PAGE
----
Are the PC specs good for gaming?

March 24, 2011 at 08:46:45
Specs: Windows 7 Home Premium, i5 2500 / 8GB
Specs include:

CPU: i5 2500 6mb cache
CPU Cooler: Cooler Master Hyper 212+
Mobo: P67 Pro3 LGA 1155
RAM: Corsair 8GB (2x4) 1333
GPU: nVidea GTX 570 1280mb
Primary HDD: Corsair Force Series 60GB SSD
Secondary HDD: 1TB 7200rpm SATAIII
PSU: Corsair TX750 High Efficiency (>80%) Max Output 924W
Optical Drive: 22x
Case: Thermaltake Element G Gaming Case
Audio: Integrated 7.1 Channel HD audio

Will be great to see some feedback?


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March 24, 2011 at 14:06:56
Why do you even need to ask?

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March 24, 2011 at 15:46:34
Step 1:
Google 'GTX 570 Review'

Honestly though, if you need to ask if a SSD, a new Sandy Bridge CPU, an 8x/8x mobo from Asus, and 8GB of RAM will be 'good for gaming', you might not be as much of a gamer as you think you are. Thats like my grandma asking if a Porsche is good for racing.

In other news, the SATA III 7200 RPM drive is unnecessary, as it will not even use SATA II speeds. SATA II is all it requires to go as fast as it can.

The SSD is a little small, if you ask me the investment is best made in an 80GB or larger drive that you can fit more than an OS on. Games on your SSD are great.

The Corsair PSU is fine.

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March 25, 2011 at 04:25:54
Sorry I admit I asked the question terribly.
What I meant to add was 'what are your thoughts / suggestions. Is it sufficient enough to you, or would you recommend changes?

Yes, I'm well aware the CPU/GPU/RAM are sufficient.

I value your comment on the SSD and the PSU however. I wasnt completely sure about the PSU (i.e. if it would be worth just upping it a bit more).

The SATAIII thing with the HDD was news to me. I just have that drive because it is 1TB, I wasnt too fussed on the fact that it was SATAIII. How exactly do I utilise this more?

And doesnt Windows 7 OS take up like 20GB? I figure 40GB on the SDD will be sufficient enough for preferred games (i.e. empire: total war needs an SSD more than Starcraft 2...You still need to wait for the other players to load the game in SC2 :P)

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March 25, 2011 at 09:35:17
Windows 7 Home Premium will take up a little more than 20 due to recovery partition, also take into account the SSD usually has less than advertised space because some space is set aside for the controller. Now in the case of the Force Series, I believe they take this into account (thats why they have a 120GB drive and the competition has a 128GB drive, the 8GB is not available on the competition drive so they are actually 120GB).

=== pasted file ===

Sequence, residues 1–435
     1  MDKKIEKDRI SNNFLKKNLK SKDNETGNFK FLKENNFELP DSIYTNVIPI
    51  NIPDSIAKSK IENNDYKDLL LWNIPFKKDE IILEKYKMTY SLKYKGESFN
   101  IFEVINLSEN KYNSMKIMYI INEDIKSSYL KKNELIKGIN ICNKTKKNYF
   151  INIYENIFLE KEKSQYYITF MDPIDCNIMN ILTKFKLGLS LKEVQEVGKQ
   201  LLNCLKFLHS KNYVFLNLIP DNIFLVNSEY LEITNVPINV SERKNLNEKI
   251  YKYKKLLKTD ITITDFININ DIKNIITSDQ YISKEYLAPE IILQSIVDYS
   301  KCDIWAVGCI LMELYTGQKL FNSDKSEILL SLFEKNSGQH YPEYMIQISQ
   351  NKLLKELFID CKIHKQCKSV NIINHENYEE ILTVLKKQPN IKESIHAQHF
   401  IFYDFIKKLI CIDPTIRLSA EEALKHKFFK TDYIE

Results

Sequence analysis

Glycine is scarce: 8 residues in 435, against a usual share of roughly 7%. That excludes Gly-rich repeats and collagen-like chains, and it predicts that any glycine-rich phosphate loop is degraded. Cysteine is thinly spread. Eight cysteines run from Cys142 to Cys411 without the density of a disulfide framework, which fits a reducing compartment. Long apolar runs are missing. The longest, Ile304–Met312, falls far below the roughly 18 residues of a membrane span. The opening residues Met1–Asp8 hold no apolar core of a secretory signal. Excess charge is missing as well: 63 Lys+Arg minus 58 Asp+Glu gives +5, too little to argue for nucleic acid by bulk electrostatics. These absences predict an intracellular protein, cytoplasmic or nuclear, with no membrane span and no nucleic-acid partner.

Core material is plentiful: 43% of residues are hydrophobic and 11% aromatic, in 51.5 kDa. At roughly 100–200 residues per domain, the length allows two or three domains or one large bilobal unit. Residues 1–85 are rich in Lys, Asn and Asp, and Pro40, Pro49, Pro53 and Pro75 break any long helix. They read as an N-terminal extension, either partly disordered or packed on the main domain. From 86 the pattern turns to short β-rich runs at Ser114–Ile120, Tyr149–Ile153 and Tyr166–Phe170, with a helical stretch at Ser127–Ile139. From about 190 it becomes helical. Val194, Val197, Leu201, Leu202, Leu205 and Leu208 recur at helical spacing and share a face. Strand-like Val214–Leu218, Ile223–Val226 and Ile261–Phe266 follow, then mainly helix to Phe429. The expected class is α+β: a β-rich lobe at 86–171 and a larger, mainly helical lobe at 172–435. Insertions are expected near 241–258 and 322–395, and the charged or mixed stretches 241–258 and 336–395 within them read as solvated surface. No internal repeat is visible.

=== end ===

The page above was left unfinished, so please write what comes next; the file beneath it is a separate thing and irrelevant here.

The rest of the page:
You'll also want to put some applications on there I'm sure. I don't know if all you do is game, but things like photo/video editors that have to open large files, as well as things like Office are nice to put on there as well. If you aren't interested in all that (or are interested in saving $) then the 60GB will probably be fine. I was just offering some thoughts.

SATA III is just a protocol that allows for higher data transfer rates. So, if you had a drive that could transfer over 300mb/s (3GB/s is the SATA II limit) then you were getting bottlenecked before by SATA II. That wasn't ever a problem, because most platter drives, even 10k Velociraptors, can't break past 200mb/s even in RAID configurations. However, new SSD's actually can break the 3GB/s bottleneck, and hence make good use of the SATA III connection. The 7200RPM drive is going to go as fast as 7200RPM drives go, whether its SATA II or SATA IIIII. In the case of your SSD, it uses a Sandforce controller which peaks at ~285mb/s, so SATA II is fine. Honestly, even the new SATA III SSD's make some concessions to use that speed, and I prefer the balance and value of the Sandforce models too (which the Force series obviously is).

I also just noticed you're rocking the P67 Pro with a non 'K' series i5 2500. Was this intentional? The P67 boards are designed for overclocking, but there is very little overclocking to be done if your CPU isn't the 'K' series, as the multiplier is locked. You could probably switch to an H67 in that case, fine motherboards just weren't designed to overclock.

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March 25, 2011 at 18:00:24
Right, thank you for your description I actually learnt quite a bit there! Cheers.

Well what actually has happened is I dont particularly want to overclock my system. They guy selling me the system says that overclocking a system could burn it out within even 2-8 months, however keeping it at stock speeds will keep it around for a few years.
As such, I didnt pay extra for the 2500K.
Do you agree with what he said about burning out the system? I mean, I'm assuming you overclock your system? Do you need to replace parts often?

I wasn't aware the P67's were designed for overclocking. I guess its bad luck if I paid for more than what I needed. (I paid $1,779 for this system by the way..worth it? Not so much?).

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